/ Modified sep 7, 2018 9:46 a.m.

US-Canada NAFTA Negotiations May Hurt Arizona Long Term

One Canadian official says President Trump's insults may cause Canadian snowbirds to head to Northern Mexico instead of Southern Arizona.

Canada US flags The flags of Canada and the U.S.
Courtesy U.S. Embassy in Canada

The head of the Canada Arizona Business Council says the Trump Administration may be doing long-term damage to Arizona’s economy while negotiating a new version of the North American Free Trade Agreement.

Glenn Williamson, who lives in Phoenix said there are 100,000 Canadians who either rent or own homes in Arizona. That translates into almost $2.5 billion in spending.

Williamson said that Canadians have a visceral negative reaction when they hear their prime minister and their country being disrespected by the Trump Administration. It is ill-will, he said, that could last long after any NAFTA agreements are signed.

He said Canadians may choose to travel to northern Mexico instead of Southern Arizona as a result.

2 Glenn Williamson Glenn Williamson is the CEO and Founder of the Canada Arizona Business Council (August 2017)
Canada Arizona Business Council

“I’m chairman of a Canadian company that has invested close to a billion dollars in Arizona," said Williamson, "and the stuff that bothers me the most, is how grassroots this could become. Everybody gets caught up in the anger of the moment, and they say things in negotiations that they completely forget have deeper ramifications,” he said.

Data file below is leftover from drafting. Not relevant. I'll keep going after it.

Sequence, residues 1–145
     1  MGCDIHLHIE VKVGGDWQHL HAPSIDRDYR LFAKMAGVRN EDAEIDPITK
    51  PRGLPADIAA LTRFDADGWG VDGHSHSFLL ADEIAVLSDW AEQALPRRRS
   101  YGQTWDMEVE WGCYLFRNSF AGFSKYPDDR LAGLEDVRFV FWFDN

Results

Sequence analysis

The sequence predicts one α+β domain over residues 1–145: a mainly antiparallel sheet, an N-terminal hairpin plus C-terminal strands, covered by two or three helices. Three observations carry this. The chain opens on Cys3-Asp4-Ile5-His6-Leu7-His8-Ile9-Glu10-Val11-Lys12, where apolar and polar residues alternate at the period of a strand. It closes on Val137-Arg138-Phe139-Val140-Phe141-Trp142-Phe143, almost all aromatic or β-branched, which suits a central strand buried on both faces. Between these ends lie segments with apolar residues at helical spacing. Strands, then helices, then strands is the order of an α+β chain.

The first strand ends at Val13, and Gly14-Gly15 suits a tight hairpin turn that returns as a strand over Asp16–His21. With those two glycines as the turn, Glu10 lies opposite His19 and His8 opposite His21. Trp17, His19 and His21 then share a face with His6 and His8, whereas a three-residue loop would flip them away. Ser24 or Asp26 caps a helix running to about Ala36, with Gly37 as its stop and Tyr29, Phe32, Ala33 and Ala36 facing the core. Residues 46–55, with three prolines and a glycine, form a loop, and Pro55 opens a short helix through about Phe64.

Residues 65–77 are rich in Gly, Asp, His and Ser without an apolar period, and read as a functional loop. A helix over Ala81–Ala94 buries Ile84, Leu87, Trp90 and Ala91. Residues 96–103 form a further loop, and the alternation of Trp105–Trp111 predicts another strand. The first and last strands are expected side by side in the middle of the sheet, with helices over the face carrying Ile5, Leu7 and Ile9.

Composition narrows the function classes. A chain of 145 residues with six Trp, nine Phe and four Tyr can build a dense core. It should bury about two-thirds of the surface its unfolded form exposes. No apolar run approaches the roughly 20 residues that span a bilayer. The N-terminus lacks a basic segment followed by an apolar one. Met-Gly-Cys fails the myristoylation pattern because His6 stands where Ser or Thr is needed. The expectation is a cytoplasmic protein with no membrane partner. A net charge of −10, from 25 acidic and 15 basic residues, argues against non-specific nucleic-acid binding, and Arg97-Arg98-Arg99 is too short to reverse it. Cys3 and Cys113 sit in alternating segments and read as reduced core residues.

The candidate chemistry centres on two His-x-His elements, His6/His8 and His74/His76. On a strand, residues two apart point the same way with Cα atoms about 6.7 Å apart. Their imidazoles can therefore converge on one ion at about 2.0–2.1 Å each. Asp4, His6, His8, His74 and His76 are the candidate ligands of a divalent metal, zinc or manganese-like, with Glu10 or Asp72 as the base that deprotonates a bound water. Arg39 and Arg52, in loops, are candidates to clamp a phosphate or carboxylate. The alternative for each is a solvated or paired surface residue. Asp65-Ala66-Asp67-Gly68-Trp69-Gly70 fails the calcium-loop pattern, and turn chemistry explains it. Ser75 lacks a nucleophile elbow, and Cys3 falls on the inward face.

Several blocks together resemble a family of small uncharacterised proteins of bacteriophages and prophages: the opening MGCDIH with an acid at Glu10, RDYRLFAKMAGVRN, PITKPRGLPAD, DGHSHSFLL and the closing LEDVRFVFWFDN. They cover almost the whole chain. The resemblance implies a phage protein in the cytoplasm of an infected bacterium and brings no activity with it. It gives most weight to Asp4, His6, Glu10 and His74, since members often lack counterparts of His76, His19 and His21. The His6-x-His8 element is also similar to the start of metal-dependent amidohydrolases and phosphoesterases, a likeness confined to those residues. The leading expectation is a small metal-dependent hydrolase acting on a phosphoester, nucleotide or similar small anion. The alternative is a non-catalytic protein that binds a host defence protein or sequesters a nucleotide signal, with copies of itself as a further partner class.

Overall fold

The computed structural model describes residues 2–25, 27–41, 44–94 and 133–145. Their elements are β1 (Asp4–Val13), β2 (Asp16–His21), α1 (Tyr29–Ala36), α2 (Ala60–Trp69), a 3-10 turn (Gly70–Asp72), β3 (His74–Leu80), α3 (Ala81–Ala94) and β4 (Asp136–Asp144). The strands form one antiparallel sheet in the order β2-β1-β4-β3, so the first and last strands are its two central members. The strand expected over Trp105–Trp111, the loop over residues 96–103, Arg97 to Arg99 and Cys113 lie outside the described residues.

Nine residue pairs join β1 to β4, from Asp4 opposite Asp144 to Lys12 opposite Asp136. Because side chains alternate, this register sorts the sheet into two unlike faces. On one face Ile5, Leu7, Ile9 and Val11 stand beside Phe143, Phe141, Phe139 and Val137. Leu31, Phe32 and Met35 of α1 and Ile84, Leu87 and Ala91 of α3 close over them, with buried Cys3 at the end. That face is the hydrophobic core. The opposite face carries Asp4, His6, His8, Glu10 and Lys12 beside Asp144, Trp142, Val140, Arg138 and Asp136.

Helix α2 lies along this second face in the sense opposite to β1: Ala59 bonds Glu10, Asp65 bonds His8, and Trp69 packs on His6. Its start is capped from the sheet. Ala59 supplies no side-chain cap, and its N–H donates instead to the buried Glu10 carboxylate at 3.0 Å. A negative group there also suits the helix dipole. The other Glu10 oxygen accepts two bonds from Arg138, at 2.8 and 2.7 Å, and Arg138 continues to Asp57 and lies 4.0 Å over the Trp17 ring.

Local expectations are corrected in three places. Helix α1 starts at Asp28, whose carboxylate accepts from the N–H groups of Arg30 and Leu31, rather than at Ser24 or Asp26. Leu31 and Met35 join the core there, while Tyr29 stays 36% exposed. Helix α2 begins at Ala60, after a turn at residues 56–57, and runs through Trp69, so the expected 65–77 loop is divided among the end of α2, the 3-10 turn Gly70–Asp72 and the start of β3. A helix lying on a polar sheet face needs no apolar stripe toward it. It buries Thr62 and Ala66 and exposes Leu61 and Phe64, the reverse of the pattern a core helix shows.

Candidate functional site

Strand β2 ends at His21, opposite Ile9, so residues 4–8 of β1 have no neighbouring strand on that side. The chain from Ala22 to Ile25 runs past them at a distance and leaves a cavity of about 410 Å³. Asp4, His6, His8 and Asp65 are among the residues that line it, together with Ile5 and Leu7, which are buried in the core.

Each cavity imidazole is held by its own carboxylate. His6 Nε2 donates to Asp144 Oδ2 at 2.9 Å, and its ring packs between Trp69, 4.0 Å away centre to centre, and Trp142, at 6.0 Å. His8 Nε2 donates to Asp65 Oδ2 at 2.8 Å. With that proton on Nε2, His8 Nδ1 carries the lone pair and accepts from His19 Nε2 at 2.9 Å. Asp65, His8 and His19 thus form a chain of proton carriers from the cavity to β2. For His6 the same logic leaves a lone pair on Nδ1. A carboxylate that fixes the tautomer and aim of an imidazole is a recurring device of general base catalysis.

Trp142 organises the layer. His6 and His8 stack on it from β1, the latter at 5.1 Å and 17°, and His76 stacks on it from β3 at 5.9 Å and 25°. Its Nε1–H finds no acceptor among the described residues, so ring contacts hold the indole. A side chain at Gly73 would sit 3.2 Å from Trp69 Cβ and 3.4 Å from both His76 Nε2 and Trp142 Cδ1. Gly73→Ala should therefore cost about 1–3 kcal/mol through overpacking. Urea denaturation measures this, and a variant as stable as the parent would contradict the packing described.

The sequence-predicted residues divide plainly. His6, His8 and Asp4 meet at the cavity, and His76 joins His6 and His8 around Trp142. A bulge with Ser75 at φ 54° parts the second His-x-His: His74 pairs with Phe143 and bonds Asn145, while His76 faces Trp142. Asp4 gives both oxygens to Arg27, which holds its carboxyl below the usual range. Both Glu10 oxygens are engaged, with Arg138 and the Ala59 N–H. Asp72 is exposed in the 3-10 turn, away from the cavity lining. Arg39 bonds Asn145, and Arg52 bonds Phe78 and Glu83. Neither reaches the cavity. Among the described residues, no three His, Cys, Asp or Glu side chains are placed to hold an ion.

Williamson said the relationship between Arizona and Canadian tourists and companies doing business here has been very good in the past, and hopes those relationships can weather the present politics.

The business and tourism interests for Arizona from Canada are substantial. According to the U.S. Census Bureau, 150,000 jobs in Arizona are directly related to Canadian companies doing business in the state.

A study commissioned by the Embassy of Canada in Washington reported that Arizona exports to Canada in 2016 were $2.1 billion, and imports from Canada were $1.5 billion.

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